OTTAWA — Talks between the federal government and the union representing 155,000 striking public servants appeared mired in communication issues on Saturday as both sides accused the other of obstructing negotiations and being too slow to respond to key developments.
The head of the Public Service Alliance of Canada held a news conference to blast Ottawa’s Treasury Board for its failure to respond to a revised contract offer and called on the prime minister to help hasten the pace of contract talks.
But the office of Treasury Board President Mona Fortier fired back an hour later, saying efforts to meet with the union went unanswered on Friday, and a Saturday afternoon meeting was cancelled nine minutes after being arranged.
The union’s president, Chris Aylward, said he was still waiting for a response to new proposals tabled on Thursday evening. Fortier’s office acknowledged the new offer but challenged Aylward’s timeline.
It said the union was “unreachable at the common issues table” all day on Friday. It reached out again through a mediator on Saturday with plans to put forward a revised offer of its own at 1 p.m., but accused the union of thwarting those plans.
“The union took three hours to respond to the request, initially accepting the meeting at 12:31pm and then at 12:40pm advised they were no longer available at that time,” the board’s statement read. “While our negotiators and our offer waited, Mr. Aylward chose instead to go on television to complain he had not received it.”
For his part, Aylward focused most of his criticisms on Fortier during Saturday’s bargaining update.
“This screams of the incompetence of Mona Fortier … and her team,” Aylward told reporters outside an Ottawa hotel. “The prime minister has done nothing to move these negotiations along. Our members are fed up.”
Fortier’s office also accused the union of inflexibility, a trait it said was evident in Thursday’s offer, but noted both sides returned to the table after the news conference.
Aylward said Prime Minister Justin Trudeau should take a role in the negotiations and exert his influence to ensure the talks progress more quickly.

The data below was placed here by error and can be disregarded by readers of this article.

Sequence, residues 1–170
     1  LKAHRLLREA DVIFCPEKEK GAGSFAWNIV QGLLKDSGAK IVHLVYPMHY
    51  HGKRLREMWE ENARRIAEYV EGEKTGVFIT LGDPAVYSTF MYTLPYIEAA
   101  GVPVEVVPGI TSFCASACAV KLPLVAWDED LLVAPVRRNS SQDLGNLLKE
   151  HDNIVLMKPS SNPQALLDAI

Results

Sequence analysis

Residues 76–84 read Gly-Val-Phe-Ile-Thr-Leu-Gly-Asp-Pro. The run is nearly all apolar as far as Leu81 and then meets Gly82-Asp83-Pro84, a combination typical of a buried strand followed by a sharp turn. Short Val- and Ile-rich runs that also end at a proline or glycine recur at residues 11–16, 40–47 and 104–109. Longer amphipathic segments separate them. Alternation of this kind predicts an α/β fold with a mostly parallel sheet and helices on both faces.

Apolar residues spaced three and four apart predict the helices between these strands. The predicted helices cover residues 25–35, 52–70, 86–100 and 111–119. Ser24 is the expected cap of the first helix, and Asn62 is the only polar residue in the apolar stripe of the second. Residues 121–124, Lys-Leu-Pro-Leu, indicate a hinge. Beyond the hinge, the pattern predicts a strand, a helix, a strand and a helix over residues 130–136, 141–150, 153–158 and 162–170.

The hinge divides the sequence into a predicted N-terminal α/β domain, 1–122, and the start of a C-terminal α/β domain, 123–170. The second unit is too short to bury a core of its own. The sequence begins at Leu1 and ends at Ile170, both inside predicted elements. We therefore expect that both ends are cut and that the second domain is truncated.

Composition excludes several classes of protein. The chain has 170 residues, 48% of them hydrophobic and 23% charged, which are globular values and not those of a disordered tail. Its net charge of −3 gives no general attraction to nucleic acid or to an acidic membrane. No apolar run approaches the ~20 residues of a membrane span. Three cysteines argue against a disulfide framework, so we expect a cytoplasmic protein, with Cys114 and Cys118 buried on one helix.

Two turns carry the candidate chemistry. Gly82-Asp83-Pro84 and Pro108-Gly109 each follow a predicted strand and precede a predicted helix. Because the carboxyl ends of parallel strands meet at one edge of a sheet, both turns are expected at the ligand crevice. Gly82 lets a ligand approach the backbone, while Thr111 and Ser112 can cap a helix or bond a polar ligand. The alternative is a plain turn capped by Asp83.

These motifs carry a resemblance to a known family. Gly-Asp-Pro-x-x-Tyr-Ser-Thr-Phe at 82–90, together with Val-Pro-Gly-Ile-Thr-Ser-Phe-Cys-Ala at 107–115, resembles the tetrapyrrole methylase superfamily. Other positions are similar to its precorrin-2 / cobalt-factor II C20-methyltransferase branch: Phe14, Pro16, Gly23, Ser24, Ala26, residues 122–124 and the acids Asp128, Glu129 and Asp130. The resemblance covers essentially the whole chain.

Trudeau said last week the government believes in collective bargaining, adding there have been advances at the bargaining table. He acknowledged the importance of supporting those working in the public service, given the rising cost of inflation.
More than 100,000 union members walked off the job Wednesday as contract talks broke down after months of negotiations.
On Saturday, Aylward offered encouragement to union members on the picket lines.
“Stay strong,” he said. “We are not going to let them wear us down or wear us out. We will stay here until we get the fair deal that our members deserve.”
The union has said almost a third of all federal public servants are involved in the job action.
Salaries have been top of mind at the table, with the union pushing for annual raises of 4.5 per cent over the next three years. Treasury Board said it has offered the union a nine per cent raise over three years on the recommendation of the third-party Public Interest Commission.
Aylward said the union will strike for as long as it takes, but a limited strike fund suggests that may be difficult to accomplish.
According to its most recent available financial statements, the union had about $43 million at the end of 2021. It is offering $75 per day in base strike pay to workers who show up to the picket line.
Aylward said he’s not concerned about money running out, saying the union has other sources of funding but declining to elaborate.
On Thursday, the federal labour board issued a decision saying there was “significant concern” about the recent strike vote because of a low turnout and irregularities. The board found the union failed to properly alert members that it had shortened the voting period by eight days, moving the deadline from April 19 to April 11.
Only about 35 per cent of members of the bargaining unit, or 38,207 people, cast a ballot — and 80 per cent of them were in favour of a strike mandate.
The labour board decided against overturning the vote, finding it was unlikely there would have been a different result even if the union had been more forthcoming with its members.
Aylward has said it was regrettable that union members say they didn’t get a fair chance to participate, noting strike votes were publicized by email, social media, digital ads and word of mouth.
The Public Service Alliance of Canada is the largest federal public service union, representing more than 230,000 workers across the country.
The strike affects about 155,000 union members, including 35,000 with the Canada Revenue Agency. It has caused widespread disruptions to a variety of government services and threatens to bring the personal tax filing season to a halt.